Very high; not the best.
The thinking and musing about death not too far away.
He sounded like the main character might sound.
It was disturbing.
It was very very good from a literary standpoint and and it was emotionally moving. It stuck in my mind for a long time. I couldn't stop thinking about it; about impending death and remembrence.
Philip Roth's "Everyman" is as insightful as it is chilling.
From beginning to end, Roth continues (as in previous projects) to unmask the evidently meaninigless notion of purpose and leaves his reader with nothing more than existential deliberation. A truly powerful book, but be warned: altough on occation one might find himself smiling or even savoring a good laugh, you will not come out of this novel with a smile on your face. You will, however, enjoy every minute of it.
Guidall takes Roth's beautifully intricate language to new hights with a truly astounding performance.
As a man in his sixties, I identified with a lot of what happened to the main character. I found the book very interesting, in spite of all the flashbacks to the past. The narrator did a good job, reading the text from the perspective of an older man.
An introspective look into the foibles and joys of a man. His estrangements and attachments. He looks back from the end of life vantage point with regret and sympathy. The book is a downer in that each scene is a hospitalization.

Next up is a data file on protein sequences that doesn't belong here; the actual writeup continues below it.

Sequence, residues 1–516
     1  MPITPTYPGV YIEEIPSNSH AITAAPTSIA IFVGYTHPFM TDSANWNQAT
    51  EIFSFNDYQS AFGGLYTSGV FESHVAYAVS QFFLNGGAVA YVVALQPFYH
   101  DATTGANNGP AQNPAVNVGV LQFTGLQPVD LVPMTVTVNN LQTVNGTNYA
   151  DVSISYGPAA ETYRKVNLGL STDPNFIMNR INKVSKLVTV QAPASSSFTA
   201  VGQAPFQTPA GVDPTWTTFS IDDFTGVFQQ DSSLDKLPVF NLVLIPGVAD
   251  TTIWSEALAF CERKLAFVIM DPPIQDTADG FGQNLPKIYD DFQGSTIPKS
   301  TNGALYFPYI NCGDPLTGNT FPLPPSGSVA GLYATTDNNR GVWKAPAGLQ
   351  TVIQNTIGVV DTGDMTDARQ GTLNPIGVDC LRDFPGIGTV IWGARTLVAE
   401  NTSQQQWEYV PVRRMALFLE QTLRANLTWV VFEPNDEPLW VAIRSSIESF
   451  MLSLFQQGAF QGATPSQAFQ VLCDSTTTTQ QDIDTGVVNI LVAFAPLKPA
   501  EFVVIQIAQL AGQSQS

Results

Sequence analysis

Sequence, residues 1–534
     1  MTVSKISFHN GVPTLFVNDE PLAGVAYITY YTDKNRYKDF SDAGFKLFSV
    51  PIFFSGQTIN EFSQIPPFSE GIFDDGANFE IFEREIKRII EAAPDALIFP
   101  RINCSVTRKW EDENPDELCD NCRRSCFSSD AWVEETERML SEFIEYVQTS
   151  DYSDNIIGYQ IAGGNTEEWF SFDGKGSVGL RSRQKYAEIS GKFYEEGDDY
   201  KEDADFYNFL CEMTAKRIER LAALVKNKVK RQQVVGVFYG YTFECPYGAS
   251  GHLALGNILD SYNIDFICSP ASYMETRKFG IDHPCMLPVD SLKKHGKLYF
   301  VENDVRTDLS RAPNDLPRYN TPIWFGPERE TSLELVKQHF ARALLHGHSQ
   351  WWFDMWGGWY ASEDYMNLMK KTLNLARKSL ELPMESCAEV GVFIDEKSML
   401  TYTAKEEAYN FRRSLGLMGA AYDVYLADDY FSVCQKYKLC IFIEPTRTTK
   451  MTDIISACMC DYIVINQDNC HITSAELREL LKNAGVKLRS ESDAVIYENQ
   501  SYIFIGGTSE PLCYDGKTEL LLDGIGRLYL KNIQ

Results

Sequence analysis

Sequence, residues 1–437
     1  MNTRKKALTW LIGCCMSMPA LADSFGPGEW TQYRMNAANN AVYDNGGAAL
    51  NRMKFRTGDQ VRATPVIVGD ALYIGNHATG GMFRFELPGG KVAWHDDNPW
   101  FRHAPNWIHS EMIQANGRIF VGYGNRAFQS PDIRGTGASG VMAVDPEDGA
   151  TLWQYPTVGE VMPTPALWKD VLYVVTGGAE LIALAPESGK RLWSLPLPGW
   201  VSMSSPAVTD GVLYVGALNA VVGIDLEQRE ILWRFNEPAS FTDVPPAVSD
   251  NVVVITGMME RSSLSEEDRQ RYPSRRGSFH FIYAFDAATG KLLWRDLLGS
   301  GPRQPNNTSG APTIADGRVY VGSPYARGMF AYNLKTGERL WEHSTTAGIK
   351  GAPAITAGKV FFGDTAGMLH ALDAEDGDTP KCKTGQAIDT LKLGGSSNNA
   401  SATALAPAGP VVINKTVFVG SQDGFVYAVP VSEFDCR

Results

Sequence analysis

I listened to Everyman as a 48 year old who just starting to notice the accumulating effects of various abuses done to character, body, and mind. The book is honest, and yes, rather stark. Mr. Roth aptly describes life's arc and I am glad to have listened to this reading at this time in my life. As another listener already wrote, this is not a fun story. It provoked serious reflection.
I would give this a 5 except I find the narrator to have a bit of a halting style that distracted me from time to time.
But, the story itself is terrific. It is a bit short, but then, so's life, and that's the point here. (And besides, it was the perfect length for a 5-hour flight yesterday.) The reflections on mortality, life, failure to be the person we expect and hope to be, all of these ideas make this a brilliant listen--one that is close to the bone sometimes.
I will begin by admitting that I am a fan of Roth. I am also willing to admit that only those who appreciate the author will enjoy this book. It lacks the power of American Pastoral and Human Stain(where I would recommend you start) but then again, so do almost all books. It is also brief, which seemed to prevent me from getting too invested in the characters.